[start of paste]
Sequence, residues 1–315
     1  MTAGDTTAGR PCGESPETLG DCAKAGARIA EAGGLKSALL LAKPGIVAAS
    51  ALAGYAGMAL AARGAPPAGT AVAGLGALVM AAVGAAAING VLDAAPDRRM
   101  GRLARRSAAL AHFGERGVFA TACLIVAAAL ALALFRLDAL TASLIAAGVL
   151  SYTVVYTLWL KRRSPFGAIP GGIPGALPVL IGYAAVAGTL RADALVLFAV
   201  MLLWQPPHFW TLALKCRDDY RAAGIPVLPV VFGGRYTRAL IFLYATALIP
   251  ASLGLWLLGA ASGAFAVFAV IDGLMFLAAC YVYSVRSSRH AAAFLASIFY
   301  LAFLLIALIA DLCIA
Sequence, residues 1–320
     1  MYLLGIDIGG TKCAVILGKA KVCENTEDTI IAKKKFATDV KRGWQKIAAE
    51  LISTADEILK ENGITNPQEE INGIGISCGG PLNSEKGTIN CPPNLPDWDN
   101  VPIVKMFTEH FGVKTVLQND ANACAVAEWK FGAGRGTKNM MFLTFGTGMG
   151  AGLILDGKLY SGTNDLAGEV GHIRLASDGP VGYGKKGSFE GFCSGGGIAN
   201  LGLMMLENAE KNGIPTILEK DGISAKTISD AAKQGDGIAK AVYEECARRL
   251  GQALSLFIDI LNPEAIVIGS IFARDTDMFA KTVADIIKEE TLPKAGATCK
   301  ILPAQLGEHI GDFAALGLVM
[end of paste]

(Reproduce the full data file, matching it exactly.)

Sequence, residues 1–315
     1  MTAGDTTAGR PCGESPETLG DCAKAGARIA EAGGLKSALL LAKPGIVAAS
    51  ALAGYAGMAL AARGAPPAGT AVAGLGALVM AAVGAAAING VLDAAPDRRM
   101  GRLARRSAAL AHFGERGVFA TACLIVAAAL ALALFRLDAL TASLIAAGVL
   151  SYTVVYTLWL KRRSPFGAIP GGIPGALPVL IGYAAVAGTL RADALVLFAV
   201  MLLWQPPHFW TLALKCRDDY RAAGIPVLPV VFGGRYTRAL IFLYATALIP
   251  ASLGLWLLGA ASGAFAVFAV IDGLMFLAAC YVYSVRSSRH AAAFLASIFY
   301  LAFLLIALIA DLCIA
Sequence, residues 1–320
     1  MYLLGIDIGG TKCAVILGKA KVCENTEDTI IAKKKFATDV KRGWQKIAAE
    51  LISTADEILK ENGITNPQEE INGIGISCGG PLNSEKGTIN CPPNLPDWDN
   101  VPIVKMFTEH FGVKTVLQND ANACAVAEWK FGAGRGTKNM MFLTFGTGMG
   151  AGLILDGKLY SGTNDLAGEV GHIRLASDGP VGYGKKGSFE GFCSGGGIAN
   201  LGLMMLENAE KNGIPTILEK DGISAKTISD AAKQGDGIAK AVYEECARRL
   251  GQALSLFIDI LNPEAIVIGS IFARDTDMFA KTVADIIKEE TLPKAGATCK
   301  ILPAQLGEHI GDFAALGLVM